Kit Hesketh-Harvey, the brilliant entertainer and cabaret artist, died suddenly last week aged just 65. I had known him since my first term at Cambridge University when he sashayed into the University Library’s Smoking Room, resplendent in a shimmering boiler suit made out of parachute silk. He personified beauty, glamour, defiant eccentricity and an outrageous, rapier-sharp wit, which electrified any room he ever walked into. On this week’s edition of our podcast, Break Out Culture, Ed Vaizey and I pay him tribute, hearing his voice again brings him straight back to life in all his incomparable magnificence.
There have been numerous obituaries to him, so the facts about his phenomenal talents and extraordinary life don’t need repeating here. But as far back as 2017 I was delighted to write about him and his cabaret partner, the musician, James McConnel, for this magazine. Our editor, Lucy, took no persuading to commission the piece once I’d taken her to see Kit and McConnel perform at Pizza Express, formerly The Pheasantry, on Kings Road. The next time I went to see them, Lucy was also returning for more, with her father and others. She too had become a fan of their clever, daring act. Kit and McConnel performed at The Pheasantry regularly and at The Savoy and Crazy Coq’s beneath Brasserie Zédel off Piccadilly Circus, so I was lucky to see them numerous times. They never failed to surprise and delight.
Kit was a wonderful friend, full of warmth and curiosity, with whom I’ve enjoyed some exhilaratingly wild times, including being thrown out of Stringfellow’s nightclub, which even Kit admitted was quite a feat. I also worked with him and James McConnel, bringing them on board to cheer up what might otherwise have been a predictable, smart awards ceremony and transforming it into a joyous memorable night of unpredictable hilarity.
In memory of the late actor, we bring you a snippet of our chat below:
Our last Break Out Culture guest of 2021 is a polymath who defies all description. He is a multi-talented wit, lyricist, screenwriter, crime novelist and much-loved panellist on Just a Minute. We are of course talking about Kit Hesketh-Harvey, who turned his enormous array of talent to opera last July when he wrote the libretto for The Life and Death of Alexander Litvinenko for the glorious Grange Park Opera. This winter, he returns to Dick Whittington to play King Rat in the much-loved pantomime.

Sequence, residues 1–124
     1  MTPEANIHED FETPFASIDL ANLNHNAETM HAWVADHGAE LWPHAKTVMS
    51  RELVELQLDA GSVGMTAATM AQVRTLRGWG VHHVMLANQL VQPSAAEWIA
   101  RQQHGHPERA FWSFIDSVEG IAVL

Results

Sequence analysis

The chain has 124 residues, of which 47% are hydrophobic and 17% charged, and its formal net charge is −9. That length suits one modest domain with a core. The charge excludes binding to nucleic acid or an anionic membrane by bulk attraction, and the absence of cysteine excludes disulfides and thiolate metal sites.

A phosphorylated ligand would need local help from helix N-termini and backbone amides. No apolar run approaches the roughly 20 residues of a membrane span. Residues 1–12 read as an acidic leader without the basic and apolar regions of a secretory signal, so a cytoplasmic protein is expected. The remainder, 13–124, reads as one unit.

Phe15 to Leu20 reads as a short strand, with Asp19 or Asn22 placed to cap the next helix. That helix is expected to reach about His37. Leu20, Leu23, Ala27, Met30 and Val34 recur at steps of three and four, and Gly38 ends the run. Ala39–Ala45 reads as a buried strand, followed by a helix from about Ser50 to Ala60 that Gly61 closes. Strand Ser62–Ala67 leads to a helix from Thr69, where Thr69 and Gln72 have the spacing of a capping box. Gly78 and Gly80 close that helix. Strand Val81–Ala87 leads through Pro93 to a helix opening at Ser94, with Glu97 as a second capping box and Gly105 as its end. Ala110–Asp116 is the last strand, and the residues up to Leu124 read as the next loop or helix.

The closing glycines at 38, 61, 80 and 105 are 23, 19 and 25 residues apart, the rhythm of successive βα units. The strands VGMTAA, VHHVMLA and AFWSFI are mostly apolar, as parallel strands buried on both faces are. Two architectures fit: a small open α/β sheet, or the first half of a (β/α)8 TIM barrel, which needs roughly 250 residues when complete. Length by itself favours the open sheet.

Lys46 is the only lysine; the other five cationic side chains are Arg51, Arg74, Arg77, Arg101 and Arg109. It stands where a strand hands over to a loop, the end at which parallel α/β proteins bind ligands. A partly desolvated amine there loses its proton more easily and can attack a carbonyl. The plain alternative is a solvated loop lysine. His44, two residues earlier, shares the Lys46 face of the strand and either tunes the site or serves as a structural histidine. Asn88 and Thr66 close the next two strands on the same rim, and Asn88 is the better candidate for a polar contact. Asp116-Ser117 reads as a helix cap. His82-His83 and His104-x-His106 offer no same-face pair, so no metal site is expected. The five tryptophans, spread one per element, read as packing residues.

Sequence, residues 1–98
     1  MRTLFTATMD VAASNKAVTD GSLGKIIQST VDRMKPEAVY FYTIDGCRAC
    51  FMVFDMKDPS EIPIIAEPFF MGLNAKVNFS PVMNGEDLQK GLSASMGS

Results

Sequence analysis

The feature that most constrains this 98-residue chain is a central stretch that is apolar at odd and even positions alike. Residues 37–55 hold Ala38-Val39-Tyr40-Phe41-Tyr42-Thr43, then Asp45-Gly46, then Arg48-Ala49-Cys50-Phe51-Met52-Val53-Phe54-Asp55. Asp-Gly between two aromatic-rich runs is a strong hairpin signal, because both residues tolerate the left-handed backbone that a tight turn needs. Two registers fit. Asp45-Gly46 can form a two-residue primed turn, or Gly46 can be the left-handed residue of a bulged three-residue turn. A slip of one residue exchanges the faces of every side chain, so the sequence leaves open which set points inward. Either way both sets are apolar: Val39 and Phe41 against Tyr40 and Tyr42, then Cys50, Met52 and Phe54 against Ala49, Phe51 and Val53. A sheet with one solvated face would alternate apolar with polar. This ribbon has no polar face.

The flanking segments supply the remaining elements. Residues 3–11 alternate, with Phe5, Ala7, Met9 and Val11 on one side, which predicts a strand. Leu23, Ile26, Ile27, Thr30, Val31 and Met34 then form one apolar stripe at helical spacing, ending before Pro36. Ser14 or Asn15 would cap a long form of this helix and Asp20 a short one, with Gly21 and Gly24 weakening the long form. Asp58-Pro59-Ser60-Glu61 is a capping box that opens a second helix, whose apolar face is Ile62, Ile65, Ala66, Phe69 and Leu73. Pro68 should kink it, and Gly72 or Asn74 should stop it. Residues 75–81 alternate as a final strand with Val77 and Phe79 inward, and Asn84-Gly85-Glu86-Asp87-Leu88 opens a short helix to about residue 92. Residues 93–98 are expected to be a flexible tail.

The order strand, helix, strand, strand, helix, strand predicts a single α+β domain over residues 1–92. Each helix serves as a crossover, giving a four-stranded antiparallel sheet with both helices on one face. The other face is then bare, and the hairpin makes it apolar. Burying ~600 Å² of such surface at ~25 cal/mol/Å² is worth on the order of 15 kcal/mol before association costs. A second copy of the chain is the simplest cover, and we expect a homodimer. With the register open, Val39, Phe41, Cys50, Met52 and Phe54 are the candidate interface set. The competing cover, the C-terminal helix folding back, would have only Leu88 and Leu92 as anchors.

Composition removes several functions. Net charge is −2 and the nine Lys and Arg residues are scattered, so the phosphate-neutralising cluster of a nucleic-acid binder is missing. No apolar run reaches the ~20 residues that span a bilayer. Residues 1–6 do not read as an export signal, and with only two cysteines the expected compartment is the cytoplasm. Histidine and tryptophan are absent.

This interview was taken from our Break Out Culture podcast with Ed Vaizey and Charlotte Metcalf.Listen on iTunes Listen on Spotify
Tell us about The Life and Death of Alexander Litvinenko…
The composer Anthony Bolton retired from the city and returned to his first love, which was composing, and composed this opera, The Life and Death of Alexander Litvinenko. He wrote this opera about the death, the notorious death and murder in fact, of Alexander Litvinenko, who was an ex-KGB officer who alienated the new regime in Moscow, fled to London and became a British citizen with his extraordinary wife, Marina Litvinenko.
Anthony thought this was a very powerful subject for an opera. We finished it about four years ago and it was postponed, of course, because of COVID. And so we did it last July. It was a very odd disparity between the incredible beauty of this mellow old mansion and its fabulous gardens and the savagery of the subject, really. It was directed with great beauty by Steven Medcalf, who works a lot at Grange Park and is one of their finest opera directors. Anthony’s music is perfect for the subject. It has this sort of steely quality.
You opened last night in Dick Whittington and you played the villainous King Rat. How was it?
It’s fantastic. It’s my 11th performance here at the Yvonne. My maternal line comes from here, from around Guildford. I was taken by my grandmother to watch the Yvonne Arnaud Theatre actually being built. Pantomime is tremendously important. It’s the child’s first experience of the theatre, generally. And it’s the first time you can grab a child by the metaphorical collar and say, ‘Look, this isn’t a video game. This isn’t a film. This isn’t telly. This is something much more exciting called theatre.’ And the villain always comes on first, of course. Downstage left is actually reeking with tradition, and you get a minute in which to terrify the kids.
But King Rat is one of the best because he’s got this tail, you see. He’s got this tail which is very good for what panto has to do, which is play on two levels. One for the children, enthral them and terrify them and make them laugh and clap and sing. And then at the same time, nodding and winking to the grown up saying, ‘Isn’t this all ridiculous? Isn’t it fun? Isn’t panto stupid?’
Why is it that you go back every year to this theatre and play in pantomime?
I wish I could say there was anything noble about it. It’s just very nice to work with young people, and they’re teaching you stuff that you would otherwise not know. You would sort of slump into this ancient white male BBC sofa and become too conventional and too smug and too set in your ways. It’s an exciting way to have Christmas. Christmas is for children and excitement and about Advent and about this huge sense of anticipation. And with what the arts have gone through, I’m terribly, terribly lucky to be working.